Fire is seen at the Aramco oil facility near al-Khurj area, just outside the Saudi capital Riyadh on Saturday. (Twitter)
A WEEKEND drone attack on Saudi Arabia that cut into global energy supplies and halved the kingdom’s oil production threatened on Sunday to fuel regional tensions, as Iran denied US allegations it launched the assault and tensions remained high over Tehran’s collapsing nuclear deal with world powers. Iran called the US claims “maximum lies,” while a commander in its paramilitary Revolutionary Guard reiterated its forces could strike US military bases across the Mideast with its arsenal of ballistic missiles.
A prominent US senator suggested striking Iranian oil refineries in response for the assault claimed by Yemen’s Iran-backed Houthi rebels on Saudi Arabia’s largest oil processing facility. “Because of the tension and sensitive situation, our region is like a powder keg,” warned Guard Brig Gen Amir Ali Hajizadeh. “When these contacts come too close, when forces come into contact with one another, it is possible a conflict happens because of a misunderstanding.”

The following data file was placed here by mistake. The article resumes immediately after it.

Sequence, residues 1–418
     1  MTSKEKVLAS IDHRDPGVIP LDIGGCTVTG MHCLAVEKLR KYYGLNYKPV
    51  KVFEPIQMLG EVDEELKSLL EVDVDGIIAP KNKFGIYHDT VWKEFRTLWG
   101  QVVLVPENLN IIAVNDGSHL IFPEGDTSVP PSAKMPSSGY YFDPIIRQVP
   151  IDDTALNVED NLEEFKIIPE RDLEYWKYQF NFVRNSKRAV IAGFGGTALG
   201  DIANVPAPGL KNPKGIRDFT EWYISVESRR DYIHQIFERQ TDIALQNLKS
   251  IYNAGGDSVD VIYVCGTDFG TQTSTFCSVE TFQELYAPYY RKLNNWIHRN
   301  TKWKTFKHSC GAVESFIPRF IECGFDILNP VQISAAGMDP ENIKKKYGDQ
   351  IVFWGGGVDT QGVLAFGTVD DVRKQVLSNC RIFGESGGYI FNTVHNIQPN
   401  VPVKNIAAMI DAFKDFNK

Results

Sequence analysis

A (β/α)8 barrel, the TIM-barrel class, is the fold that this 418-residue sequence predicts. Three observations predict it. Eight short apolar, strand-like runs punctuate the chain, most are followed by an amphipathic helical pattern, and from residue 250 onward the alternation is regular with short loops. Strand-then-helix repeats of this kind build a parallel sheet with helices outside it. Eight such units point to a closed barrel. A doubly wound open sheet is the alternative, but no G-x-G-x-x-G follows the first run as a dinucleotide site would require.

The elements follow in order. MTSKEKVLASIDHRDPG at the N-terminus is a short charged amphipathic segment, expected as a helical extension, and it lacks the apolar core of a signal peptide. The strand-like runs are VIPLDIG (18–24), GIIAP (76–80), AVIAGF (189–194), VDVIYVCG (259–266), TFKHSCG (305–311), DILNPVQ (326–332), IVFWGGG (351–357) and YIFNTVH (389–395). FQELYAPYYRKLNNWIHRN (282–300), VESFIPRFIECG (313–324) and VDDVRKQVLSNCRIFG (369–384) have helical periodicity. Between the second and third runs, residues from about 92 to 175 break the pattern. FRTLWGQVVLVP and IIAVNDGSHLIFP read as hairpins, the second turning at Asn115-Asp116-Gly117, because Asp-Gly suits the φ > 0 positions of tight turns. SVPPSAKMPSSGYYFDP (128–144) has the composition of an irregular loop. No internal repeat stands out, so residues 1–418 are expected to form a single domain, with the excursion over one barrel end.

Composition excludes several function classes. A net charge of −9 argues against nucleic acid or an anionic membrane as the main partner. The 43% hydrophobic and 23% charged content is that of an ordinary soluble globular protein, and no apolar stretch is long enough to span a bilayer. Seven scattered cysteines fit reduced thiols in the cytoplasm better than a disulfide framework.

Actions on any side could break into the open a twilight war that’s been raging just below the surface of the wider Persian Gulf over the last months. Already, there’s been mysterious attacks on oil tankers that America blames on Tehran, at least one suspected Israeli strike on Shiite forces in Iraq, and Iran shooting down a US military surveillance drone.
The attack Saturday on Saudi Arabia’s Abqaiq plant and its Khurais oil field led to the interruption of an estimated 5.7 million barrels of the kingdom’s crude oil production per day, equivalent to over 5 per cent of the world’s daily supply. It remains unclear how King Salman and his assertive son, Crown Prince Mohammed bin Salman, will respond to an attack targeting what analysts describe as the heart of the Saudi oil industry. Late Saturday, US Secretary of State Mike Pompeo directly blamed Iran for the Saudi attack on Twitter, without offering evidence to support his claim.
Saudi battles market jitters
SAUDI energy giant Aramco is battling to reassure markets after devastating attacks on two oil plants, where a prolonged shutdown risks roiling investor confidence ahead of the state-owned giant’s mega stock listing, analysts say. A wave of drones struck Abqaiq -- the world’s largest oil processing facility -- and the Khurais oil field in eastern Saudi Arabia, knocking out nearly half of the kingdom’s crude production and exposing the vulnerability of its energy infrastructure.